The "Garden Flipper” DLC gives players the ability to cut grass, design lawns, add outdoor furniture and more. I wasn't a huge fan of this pack, as the lawn design seems overwhelming and a bit tedious; having to cut lawns with the bush trimmer (you do unlock a lawn mower, which was added post-release, a bit later on) and design gigantic areas of lawn click-by-click by adding in grass, bushes and plants isn't really as fun as I'd imagined it would be. Also—and maybe this is just me—I never really have inspiration for designing a yard, so mine always look particularly lackluster.
The "HGTV" DLC is a bit more immersive. In this DLC, there's a new map which allows you to pick jobs from customers who want certain interior design renovations. It's up to you to redecorate their house to their wishes, which is a lot of fun (and much easier than trying to design houses for buyers in the base game)! In addition to the new gameplay and map, there are more houses to buy and flip, and a TON of new lovely objects: new furniture, wallpaper, flooring, etc. The "HGTV" DLC is worth buying just for the new objects alone!
The devs are continuously adding to the game with free updates, which have included more furniture options and gameplay optimisation.
They've also added seasonal updates which have included Halloween, Christmas Valentine's Day, and Father's Day-themed décor.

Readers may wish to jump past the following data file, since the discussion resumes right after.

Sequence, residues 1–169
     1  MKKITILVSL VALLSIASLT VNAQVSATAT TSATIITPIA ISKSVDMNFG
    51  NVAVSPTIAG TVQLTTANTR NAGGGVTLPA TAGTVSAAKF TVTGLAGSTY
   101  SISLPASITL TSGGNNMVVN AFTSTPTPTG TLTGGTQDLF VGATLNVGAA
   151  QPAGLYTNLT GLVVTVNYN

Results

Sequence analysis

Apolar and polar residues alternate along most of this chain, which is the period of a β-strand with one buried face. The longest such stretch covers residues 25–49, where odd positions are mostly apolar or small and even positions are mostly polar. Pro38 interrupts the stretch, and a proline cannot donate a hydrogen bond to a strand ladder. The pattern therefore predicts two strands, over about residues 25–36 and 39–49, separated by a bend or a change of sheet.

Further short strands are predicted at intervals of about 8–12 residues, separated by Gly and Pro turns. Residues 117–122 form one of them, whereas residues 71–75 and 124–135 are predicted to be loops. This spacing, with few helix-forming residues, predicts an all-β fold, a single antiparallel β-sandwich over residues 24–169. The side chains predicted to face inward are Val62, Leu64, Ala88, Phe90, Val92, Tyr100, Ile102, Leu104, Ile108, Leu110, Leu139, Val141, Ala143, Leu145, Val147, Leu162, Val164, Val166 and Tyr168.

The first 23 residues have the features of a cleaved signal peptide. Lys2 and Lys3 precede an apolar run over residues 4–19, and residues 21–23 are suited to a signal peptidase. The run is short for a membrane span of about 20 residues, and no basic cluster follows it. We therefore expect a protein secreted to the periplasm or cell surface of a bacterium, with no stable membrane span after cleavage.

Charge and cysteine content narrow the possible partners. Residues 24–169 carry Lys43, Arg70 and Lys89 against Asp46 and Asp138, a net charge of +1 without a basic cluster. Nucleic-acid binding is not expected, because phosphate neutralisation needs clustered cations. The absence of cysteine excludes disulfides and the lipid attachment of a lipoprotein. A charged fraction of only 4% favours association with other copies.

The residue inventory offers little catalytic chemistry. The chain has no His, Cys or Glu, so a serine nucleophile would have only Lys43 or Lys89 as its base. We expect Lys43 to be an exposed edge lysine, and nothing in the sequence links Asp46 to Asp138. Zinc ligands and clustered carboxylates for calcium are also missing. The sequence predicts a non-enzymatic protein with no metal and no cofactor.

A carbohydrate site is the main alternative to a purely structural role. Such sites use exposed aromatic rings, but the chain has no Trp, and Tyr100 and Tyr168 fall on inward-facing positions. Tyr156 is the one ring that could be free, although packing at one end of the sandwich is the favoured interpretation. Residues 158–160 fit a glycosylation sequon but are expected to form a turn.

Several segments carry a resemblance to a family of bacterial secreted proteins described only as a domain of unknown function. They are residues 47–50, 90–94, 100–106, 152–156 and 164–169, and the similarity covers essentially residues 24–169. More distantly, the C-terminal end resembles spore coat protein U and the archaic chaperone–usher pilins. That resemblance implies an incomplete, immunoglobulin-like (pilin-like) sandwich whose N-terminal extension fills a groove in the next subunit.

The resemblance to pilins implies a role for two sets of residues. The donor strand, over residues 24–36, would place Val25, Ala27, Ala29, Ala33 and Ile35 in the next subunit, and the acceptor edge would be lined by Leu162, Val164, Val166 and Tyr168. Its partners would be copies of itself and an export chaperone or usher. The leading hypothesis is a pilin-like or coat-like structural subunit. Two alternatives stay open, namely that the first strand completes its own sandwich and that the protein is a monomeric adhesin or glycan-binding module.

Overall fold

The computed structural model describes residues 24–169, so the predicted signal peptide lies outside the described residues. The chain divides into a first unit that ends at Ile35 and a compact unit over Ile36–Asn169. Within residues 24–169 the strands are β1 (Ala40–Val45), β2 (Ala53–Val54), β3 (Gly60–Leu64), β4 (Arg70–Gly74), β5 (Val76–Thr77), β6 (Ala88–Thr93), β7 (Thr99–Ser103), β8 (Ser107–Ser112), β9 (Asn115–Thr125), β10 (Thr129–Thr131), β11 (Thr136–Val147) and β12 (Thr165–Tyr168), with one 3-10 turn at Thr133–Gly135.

So far, there's been one free “Apocalypse Flipper” DLC update which added on grungy, survival-themed décor, and bunker objects for “doomsday prepper” buyers.
The Future of "House Flipper"
The game developers haven't officially commented on supporting mods for the game, but I think House Flipper would really benefit from an active modding community. Just like in The Sims, fans could add in millions of objects that can be used in the game; new furniture, wallpaper, décor, etc. I sincerely hope modding is added to House Flipper, as I can really see user-created content breathing new life into the game.
I'm also looking forward to more DLC being added, and obviously, more houses to buy, furniture to decorate with, and wallpaper and flooring to design with, too.
Final Verdict: 3/5 stars
All in all, House Flipper is definitely an enjoyable game. It's got some great game play mechanics, and it's really fun building a house pretty much from the ground up and being able to decorate it. The flipping aspect of the game leaves much to be desired, so perhaps the game should just be called “House Design”, but it's still fun either way. I think the game will only get better with more DLC (I'd even pay for some add-on furniture) and hopefully, modding support, in the future.
(Update: My rating has now increased to 4/5 stars, with the inclusion of the "HGTV" DLC)
Have You Played House Flipper?
Have you played House Flipper yet? Do you agree with my review? Why or why not? Let me know in the comments section below!
Questions & Answers
© 2019 Brittany Brown